Call for Applications
Southern African Digital Rights & Online Freedom of Expression Litigation Surgery
26-30 August 2019, Johannesburg, South Africa
The Media Legal Defence Initiative (MLDI) is calling for applications from lawyers based in Angola, Botswana, Democratic Republic of the Congo, eSwatini, Lesotho, Malawi, Namibia, South Africa, Zambia and Zimbabwe to participate in a forthcoming litigation surgery and training on the right to freedom of expression online, digital rights and the internet.
All applicants are required to submit a current or potential case, involving these matters, for discussion. Successful applicants will attend the litigation surgery and become members of a digital rights legal network through which there will be opportunities for engagement both regionally and internationally.
Litigation surgery objectives
MLDI provides legal support to journalists, bloggers and independent media. In recent years it has supported a significant number of cases involving online media. These have included challenging social media blocking and internet shutdowns, contesting cybercrimes legislation, ‘false news’ regulations and intermediary liability, as well as advancing greater protection of sources and privacy online.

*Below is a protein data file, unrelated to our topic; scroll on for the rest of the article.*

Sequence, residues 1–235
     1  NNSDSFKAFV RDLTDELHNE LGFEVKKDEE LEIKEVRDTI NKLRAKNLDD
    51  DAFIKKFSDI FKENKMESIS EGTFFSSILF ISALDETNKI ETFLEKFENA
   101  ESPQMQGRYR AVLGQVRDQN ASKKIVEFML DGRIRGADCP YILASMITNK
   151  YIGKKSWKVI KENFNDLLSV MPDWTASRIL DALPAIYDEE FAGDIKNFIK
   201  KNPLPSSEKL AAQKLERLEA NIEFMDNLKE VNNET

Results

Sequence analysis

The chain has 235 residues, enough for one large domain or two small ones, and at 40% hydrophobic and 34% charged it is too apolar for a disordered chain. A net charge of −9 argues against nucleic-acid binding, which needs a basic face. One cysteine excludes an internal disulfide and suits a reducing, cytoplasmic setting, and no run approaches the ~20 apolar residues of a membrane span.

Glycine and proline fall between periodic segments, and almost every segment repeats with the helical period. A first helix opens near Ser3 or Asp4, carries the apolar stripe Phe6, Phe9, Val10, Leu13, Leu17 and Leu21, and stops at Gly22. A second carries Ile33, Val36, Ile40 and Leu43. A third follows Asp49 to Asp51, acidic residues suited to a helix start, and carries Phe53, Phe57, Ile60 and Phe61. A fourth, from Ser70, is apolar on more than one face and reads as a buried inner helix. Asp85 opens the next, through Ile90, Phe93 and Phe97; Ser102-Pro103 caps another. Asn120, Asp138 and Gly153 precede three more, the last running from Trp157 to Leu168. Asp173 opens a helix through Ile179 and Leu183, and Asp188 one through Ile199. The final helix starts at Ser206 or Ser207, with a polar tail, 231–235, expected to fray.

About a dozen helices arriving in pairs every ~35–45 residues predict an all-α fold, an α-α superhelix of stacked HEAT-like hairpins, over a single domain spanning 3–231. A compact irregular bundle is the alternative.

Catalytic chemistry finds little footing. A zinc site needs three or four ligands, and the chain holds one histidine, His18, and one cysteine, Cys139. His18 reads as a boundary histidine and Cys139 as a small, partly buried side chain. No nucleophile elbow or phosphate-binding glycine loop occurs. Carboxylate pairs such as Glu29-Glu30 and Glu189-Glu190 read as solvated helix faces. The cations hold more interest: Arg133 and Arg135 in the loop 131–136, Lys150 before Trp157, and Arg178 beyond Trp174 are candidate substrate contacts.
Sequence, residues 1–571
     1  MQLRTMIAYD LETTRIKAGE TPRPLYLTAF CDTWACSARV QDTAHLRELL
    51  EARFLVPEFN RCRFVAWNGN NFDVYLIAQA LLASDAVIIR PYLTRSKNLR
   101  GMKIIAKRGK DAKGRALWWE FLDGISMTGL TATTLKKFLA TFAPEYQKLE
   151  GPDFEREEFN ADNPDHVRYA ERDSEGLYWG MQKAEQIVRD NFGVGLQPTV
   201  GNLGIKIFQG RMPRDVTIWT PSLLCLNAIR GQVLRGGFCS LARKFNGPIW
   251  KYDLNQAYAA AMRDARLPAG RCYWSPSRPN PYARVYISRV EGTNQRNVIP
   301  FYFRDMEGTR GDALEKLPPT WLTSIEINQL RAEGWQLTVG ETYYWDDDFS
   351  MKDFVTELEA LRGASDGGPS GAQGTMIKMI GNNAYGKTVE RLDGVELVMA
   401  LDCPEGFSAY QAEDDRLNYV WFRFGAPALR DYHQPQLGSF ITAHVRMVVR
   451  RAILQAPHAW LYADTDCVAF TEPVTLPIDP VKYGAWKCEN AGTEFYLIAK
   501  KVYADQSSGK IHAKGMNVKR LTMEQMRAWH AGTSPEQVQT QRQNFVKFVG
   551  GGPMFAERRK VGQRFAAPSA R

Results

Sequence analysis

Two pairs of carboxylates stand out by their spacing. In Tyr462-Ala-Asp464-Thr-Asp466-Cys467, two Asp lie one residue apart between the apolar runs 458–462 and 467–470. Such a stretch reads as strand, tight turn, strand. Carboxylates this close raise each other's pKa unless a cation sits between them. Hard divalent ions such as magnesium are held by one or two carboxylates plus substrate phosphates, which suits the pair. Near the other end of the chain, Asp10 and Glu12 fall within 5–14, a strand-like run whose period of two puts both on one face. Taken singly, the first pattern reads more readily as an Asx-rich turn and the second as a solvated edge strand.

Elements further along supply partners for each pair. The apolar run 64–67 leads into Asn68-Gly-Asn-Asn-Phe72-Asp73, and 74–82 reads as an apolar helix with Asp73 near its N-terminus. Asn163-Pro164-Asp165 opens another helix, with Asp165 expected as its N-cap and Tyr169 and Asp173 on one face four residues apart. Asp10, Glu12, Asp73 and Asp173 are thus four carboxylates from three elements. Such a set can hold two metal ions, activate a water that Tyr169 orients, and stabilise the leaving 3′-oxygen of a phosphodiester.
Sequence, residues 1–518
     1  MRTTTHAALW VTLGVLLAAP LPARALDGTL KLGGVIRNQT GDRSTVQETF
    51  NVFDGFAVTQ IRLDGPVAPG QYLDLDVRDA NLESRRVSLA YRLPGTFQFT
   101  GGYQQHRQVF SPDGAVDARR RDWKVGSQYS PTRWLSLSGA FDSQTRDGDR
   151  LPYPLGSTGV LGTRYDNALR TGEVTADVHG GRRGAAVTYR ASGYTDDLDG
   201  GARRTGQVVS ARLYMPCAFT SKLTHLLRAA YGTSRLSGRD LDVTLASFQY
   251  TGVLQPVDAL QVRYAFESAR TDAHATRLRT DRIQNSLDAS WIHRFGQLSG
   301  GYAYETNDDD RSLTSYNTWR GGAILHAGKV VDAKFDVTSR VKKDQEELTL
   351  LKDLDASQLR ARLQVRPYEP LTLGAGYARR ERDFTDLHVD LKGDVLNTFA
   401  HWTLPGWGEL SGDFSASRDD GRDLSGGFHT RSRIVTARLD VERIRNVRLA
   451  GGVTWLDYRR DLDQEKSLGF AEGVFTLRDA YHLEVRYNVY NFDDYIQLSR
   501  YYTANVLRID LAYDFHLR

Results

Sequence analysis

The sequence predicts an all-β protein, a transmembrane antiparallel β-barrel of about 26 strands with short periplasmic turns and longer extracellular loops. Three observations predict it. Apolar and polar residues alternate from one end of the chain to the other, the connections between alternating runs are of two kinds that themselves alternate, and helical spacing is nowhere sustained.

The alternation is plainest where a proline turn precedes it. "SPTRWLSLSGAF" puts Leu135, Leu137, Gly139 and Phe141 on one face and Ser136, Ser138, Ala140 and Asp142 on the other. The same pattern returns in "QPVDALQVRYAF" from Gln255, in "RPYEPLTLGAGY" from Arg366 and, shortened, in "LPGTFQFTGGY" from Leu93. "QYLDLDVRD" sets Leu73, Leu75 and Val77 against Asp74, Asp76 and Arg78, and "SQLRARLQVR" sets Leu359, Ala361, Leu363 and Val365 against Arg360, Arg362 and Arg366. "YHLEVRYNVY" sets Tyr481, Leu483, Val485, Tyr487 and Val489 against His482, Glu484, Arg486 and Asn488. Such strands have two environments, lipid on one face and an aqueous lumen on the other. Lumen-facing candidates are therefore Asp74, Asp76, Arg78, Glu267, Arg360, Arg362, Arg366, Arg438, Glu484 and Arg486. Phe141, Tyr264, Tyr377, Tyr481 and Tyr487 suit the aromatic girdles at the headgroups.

The objectives of the litigation surgery are:
- To equip participants with skills, knowledge, and training to litigate using national and international laws as well as regional and international mechanisms relevant to freedom of expression online;
- To build a digital rights network and help facilitate its engagement with international legal mechanisms and global civil society initiatives; and
- To assist and develop working relationships amongst lawyers undertaking such cases.
Criteria for eligibility
Participants will be selected on the following criteria: